Today's club meeting 'report' lacked some 'Food of the Week' for the fifth time in a row. Few meetings are coherentphoto, tomoko or perfect. The 'About the Café Metropole Club' page has some other details, but you can skip them and not miss any vital ones. An easier way to find out all you need to know about the club is by joining it any Thursday.

You can become a real lifetime member of this online magazine's real, live, and free club by becoming a member really easily on a Thursday by signing–in yourself during one of the meetings in Paris so long you are here. Getting something to eat like the 'Food of the Week' is easily arranged if you are hungry.

The one, the only, 'Tomoko of the Week.'

The club's 'rules' were turned into idle urban legends by the club's members some time ago, much to their everlasting enlightenment. The club's other major distinction is that it is the only club related to an Internet magazine that carries on with no newsletter, regardless of how many dots there are. There's nothing to unsubscribe to.

Why Not, When, Who, Where, How, What?

The weekly club meetings start about 15:00, on Thursday afternoons. Meetings end about 17:00, also on Thursday afternoons in the western European Time zone – which is really 'CET' for short and not 'ZOND' although it sometimes is – and known elsewhere as 3 pm to 5 pm. Club meetings are always in Paris. If the secretary gets no other better offers, club meetings will continue to be held here.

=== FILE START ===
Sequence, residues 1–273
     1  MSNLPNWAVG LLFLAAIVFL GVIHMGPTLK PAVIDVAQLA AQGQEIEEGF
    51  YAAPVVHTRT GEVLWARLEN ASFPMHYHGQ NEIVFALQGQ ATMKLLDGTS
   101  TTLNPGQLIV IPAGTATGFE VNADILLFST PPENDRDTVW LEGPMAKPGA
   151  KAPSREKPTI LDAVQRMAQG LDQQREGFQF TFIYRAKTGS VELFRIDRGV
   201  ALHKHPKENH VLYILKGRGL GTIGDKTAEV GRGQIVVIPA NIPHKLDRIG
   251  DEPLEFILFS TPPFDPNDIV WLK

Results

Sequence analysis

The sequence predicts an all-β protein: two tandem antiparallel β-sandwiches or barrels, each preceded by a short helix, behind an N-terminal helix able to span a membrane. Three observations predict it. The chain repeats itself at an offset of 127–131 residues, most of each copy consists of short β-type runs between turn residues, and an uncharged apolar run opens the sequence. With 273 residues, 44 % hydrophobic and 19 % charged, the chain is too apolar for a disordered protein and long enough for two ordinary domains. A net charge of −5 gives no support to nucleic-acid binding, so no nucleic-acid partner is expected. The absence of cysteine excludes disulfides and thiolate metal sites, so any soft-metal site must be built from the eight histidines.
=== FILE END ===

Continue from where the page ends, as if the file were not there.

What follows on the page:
Do anything clever at a meeting – like being at one – and become mildly famous momentarily if you are really in the mood. True 'firsts' are welcome, with 'true' having approximately the same pingpong game value as 'first,' especially if big books are involved. 'True' is perfectly acceptable too, especially if it's honestly 'first.'

There's just one note of caution – you may have any one or more personal reasons for not wanting to be traceable via the Web. If so, be sure to inform the club's secretary that you prefer to be '404 – not found' by Web search engines before becoming 'found' in one of these club reports.graphic: club location map

Former 'rules' remain 'former' week after week after week, year after endless year, and have been eliminated from the club's mega–volumes of archives except for all the originals still online buried in the cool and deep pepper mines of Inner Angola.

Talking to other club members at meetings is an encouraged activity rather than seasonally optional. If there's a free chair, sit – also optional – wherever you like, or haul one over from another part of the café. What you say is entirely likely to be much appreciated by other members present if they are listening, and there usually are some – and if it should chance to be written here, as fragments of it are, occasionally.*

*The above paragraphs are relatively unchanged since last week because today's new 'Book of the Week' was written by the club's only member number one.

The café's location is:

Café–Tabac La Corona
2. Rue de l'Amiral de Coligny – or – 30. Quai du Louvre
Paris 1. Métro: Louvre–Rivoli, Pont–Neuf or Châtelet.
Every Thursday from 15:00 to 17:00.

A bientôt à Paris
signature, regards, ric